When I started painting before I was tattooing, I felt free to paint whatever I wanted because it was mine, and it was for me in my head. There were no consequences. With tattoos, it took me a bit to really put "my" mark on someone else. Because my clients didn't start off asking for geometric shapes and other design elements that I like using, my tattoos were very stunted until I was encouraged by the owners of Studio 13 in Fort Wayne to make the art I wanted rather than strictly what the client was asking for. From the time I started working there in 2012, they encouraged me to redraw my tattoos for clients before I tattooed them if I hadn't added my touch to the line drawings. Once I started getting some of these tattoos that were more my style out there, people seemed to like them, so it really encouraged me to push things a bit more and develop something unique that I wanted to do.
In a number of your tattoos, I see forms that look like constellations -- what's your intention behind them?
People always assume the shapes that you're talking about in my tattoos are constellations, so I sometimes just make up a name for them as if they are actually out there in space. I have only actually tattooed one real constellation ever. They are really just design elements that I started playing with as a way to put geometric, angular shapes next to organic forms in my artwork. Contrast.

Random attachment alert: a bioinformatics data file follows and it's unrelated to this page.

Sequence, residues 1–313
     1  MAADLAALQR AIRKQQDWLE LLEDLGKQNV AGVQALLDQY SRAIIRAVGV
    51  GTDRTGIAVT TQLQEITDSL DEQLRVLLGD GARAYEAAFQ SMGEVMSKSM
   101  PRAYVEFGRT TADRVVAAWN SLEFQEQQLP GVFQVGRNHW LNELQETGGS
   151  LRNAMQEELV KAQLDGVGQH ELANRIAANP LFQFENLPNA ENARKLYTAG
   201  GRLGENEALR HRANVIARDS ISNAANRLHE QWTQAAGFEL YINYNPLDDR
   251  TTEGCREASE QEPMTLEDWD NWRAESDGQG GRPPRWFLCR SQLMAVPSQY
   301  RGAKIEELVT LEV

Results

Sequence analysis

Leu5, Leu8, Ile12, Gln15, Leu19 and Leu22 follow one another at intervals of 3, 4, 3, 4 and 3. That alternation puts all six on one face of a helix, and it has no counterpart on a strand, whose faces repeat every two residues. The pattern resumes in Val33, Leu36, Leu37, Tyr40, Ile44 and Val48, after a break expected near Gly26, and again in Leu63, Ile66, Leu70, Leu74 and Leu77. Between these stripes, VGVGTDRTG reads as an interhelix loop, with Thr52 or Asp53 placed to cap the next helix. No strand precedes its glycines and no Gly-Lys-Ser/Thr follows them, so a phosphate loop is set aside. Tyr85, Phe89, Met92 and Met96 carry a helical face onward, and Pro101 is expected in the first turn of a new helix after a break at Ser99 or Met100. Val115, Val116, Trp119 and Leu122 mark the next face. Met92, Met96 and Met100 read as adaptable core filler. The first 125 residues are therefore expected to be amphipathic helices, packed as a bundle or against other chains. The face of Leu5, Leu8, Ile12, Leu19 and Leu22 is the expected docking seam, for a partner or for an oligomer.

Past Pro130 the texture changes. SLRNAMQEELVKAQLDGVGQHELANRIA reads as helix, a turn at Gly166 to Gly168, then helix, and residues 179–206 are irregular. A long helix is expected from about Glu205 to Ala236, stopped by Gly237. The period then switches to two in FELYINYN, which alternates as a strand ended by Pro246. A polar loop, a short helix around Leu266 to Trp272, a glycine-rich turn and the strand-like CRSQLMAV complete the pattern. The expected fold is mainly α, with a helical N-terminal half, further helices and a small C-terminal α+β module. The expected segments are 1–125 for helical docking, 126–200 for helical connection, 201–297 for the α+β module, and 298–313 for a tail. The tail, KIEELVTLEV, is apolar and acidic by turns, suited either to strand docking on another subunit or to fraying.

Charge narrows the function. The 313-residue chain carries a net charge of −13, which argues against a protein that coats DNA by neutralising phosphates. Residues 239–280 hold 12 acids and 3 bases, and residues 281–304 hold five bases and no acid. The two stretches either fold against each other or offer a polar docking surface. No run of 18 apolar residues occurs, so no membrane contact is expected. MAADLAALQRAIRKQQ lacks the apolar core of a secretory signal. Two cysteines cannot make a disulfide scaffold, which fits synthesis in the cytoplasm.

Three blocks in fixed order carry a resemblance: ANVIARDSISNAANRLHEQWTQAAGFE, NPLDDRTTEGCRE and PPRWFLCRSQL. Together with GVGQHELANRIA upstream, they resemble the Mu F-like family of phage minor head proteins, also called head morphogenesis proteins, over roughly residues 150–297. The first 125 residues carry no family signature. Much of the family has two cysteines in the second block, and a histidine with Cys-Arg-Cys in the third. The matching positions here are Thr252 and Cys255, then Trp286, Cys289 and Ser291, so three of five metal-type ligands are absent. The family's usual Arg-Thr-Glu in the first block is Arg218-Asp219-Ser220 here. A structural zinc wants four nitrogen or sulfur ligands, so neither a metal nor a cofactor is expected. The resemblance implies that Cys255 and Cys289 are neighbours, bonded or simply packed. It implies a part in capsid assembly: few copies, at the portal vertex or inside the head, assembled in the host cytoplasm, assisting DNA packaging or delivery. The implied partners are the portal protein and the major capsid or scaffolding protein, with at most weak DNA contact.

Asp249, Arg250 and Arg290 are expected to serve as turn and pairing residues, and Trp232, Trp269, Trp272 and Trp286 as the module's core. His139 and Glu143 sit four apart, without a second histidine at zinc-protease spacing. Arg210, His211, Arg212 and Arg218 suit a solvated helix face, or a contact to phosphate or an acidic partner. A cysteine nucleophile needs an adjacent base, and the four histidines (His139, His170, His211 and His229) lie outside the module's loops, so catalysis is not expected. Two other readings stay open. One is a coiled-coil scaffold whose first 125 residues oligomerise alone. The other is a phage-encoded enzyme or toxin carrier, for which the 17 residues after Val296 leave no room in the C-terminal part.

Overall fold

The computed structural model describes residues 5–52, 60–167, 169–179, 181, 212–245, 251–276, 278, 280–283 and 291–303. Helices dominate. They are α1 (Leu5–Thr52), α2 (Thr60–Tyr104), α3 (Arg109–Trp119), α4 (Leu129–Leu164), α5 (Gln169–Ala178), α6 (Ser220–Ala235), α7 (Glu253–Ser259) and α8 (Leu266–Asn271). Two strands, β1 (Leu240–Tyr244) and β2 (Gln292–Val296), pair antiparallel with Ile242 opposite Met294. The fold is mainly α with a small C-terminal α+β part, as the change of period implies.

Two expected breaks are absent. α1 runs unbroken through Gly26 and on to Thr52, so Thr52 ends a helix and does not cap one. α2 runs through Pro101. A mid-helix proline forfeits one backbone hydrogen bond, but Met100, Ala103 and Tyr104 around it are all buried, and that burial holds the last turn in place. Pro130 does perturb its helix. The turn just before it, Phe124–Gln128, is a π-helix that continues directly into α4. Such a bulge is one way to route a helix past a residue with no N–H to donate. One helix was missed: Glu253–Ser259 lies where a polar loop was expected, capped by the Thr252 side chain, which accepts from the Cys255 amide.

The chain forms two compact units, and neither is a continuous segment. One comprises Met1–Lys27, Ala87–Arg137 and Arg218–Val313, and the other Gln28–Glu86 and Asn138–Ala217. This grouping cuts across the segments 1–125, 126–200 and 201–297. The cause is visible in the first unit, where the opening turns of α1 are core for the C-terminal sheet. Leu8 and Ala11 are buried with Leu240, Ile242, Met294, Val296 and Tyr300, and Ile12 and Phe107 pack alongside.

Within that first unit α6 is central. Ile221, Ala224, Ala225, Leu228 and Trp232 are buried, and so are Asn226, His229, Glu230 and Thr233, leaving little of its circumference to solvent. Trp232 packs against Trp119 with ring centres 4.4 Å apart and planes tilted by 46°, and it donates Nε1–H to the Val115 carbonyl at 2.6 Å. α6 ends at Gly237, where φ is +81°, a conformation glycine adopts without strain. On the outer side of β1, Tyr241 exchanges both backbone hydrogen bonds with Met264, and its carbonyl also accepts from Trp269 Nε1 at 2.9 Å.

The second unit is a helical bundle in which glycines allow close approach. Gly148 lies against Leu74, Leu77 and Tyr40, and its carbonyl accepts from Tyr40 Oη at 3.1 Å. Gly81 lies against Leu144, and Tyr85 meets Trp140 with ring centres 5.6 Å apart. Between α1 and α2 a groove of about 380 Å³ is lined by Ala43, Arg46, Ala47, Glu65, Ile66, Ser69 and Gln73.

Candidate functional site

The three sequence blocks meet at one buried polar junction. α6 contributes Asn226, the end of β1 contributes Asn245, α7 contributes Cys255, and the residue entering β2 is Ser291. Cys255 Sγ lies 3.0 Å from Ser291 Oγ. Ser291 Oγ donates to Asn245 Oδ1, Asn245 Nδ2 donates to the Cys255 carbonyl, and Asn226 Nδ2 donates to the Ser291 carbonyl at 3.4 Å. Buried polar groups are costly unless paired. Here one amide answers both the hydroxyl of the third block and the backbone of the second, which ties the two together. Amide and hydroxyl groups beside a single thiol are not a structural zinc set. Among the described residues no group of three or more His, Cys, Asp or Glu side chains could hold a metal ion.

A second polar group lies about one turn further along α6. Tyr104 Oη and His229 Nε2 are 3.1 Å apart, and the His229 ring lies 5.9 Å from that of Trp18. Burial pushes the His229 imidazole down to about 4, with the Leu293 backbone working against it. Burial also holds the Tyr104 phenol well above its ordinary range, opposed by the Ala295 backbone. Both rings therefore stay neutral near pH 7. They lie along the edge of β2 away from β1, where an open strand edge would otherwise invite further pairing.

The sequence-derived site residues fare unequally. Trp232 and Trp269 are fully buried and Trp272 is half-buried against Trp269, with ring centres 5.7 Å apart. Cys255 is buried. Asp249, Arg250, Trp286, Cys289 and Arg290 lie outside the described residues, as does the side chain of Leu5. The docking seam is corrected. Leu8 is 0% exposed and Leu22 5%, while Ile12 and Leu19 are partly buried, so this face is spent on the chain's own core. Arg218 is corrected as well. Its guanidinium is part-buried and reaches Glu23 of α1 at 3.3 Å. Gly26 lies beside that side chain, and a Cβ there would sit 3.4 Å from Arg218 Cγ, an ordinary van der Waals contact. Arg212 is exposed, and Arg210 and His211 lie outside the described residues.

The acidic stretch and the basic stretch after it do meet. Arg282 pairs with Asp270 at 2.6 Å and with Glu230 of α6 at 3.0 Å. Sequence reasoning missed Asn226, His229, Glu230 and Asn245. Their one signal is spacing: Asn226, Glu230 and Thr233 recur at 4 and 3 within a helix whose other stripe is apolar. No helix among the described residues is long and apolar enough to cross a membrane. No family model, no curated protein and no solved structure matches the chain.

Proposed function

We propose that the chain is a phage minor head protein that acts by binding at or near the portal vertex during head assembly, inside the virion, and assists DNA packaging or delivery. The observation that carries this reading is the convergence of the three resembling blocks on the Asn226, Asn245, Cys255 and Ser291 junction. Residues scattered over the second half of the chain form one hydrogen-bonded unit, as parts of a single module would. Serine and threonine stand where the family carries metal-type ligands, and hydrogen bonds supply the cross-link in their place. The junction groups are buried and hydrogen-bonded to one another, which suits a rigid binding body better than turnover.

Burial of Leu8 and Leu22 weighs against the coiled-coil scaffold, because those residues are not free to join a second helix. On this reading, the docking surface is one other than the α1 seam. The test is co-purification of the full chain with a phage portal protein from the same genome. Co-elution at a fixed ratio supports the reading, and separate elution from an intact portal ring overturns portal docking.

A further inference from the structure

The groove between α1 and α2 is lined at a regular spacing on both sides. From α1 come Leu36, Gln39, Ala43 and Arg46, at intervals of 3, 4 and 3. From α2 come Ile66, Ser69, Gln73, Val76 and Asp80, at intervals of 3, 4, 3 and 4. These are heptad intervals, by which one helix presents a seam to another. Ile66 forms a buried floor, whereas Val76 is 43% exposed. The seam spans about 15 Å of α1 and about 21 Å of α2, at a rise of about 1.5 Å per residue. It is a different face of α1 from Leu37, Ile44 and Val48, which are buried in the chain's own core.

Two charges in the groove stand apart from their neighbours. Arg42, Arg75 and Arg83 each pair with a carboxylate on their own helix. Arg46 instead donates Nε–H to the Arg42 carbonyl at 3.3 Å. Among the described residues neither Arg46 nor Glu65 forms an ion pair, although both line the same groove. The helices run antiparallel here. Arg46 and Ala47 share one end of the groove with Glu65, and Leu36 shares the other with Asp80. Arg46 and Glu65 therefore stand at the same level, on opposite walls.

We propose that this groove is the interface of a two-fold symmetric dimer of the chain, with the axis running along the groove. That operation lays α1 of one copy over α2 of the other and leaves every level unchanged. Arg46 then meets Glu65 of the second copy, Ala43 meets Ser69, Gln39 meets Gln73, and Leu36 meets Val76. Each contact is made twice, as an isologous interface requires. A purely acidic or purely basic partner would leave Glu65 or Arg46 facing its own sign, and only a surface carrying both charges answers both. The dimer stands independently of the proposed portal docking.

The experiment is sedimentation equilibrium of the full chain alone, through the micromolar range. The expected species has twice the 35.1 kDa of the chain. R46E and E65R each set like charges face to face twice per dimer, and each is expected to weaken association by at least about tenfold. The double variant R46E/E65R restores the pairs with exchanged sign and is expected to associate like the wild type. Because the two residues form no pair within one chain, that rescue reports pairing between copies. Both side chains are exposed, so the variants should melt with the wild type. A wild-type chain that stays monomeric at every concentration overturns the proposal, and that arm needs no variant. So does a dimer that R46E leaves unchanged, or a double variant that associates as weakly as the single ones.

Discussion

I read on your Tumblr page that you will be making the move to Southern Ontario. Is that still in the works? Where can people find you in the next few months?
I am from the States, but am immigrating to Canada as my wife, Alisha, is from Canada. After we got married in December 2012, we filled out all the paperwork and jumped through all the hoops with that and were able to submit our paperwork in March 2013. I believe the average processing time is about a year, so I'm hoping that March of 2014 will mean I will be okay to live and work in Canada as a permanent resident. In the meantime I have been okayed to live in Canada while I'm waiting to work, so I live with my wife in Brantford, Ontario and return to the States every month for about a week and a half to work with the wonderful people at Studio 13 in Fort Wayne, Indiana. I'm hoping to be working full time in Canada sometime around March 2014 and am adding people to a wait list for once this happens, so I can start scheduling appointments as soon as my paperwork goes through.
For more on Cory, click:
Celebrity portraits are common tattoo odes that pay tribute (whether seriously or ironically) to someone whom the wearer may not have met, but feels a connection to. What if the person being memorialized on one's body is not on the A-List, but instead, has been marginalized and often ignored by society? Tattooist Matt C. Ellis uses his particular skills in tattoo realism and offers clients a chance to make a connection with those who are forgotten, shedding light on the issues of poverty and homeless.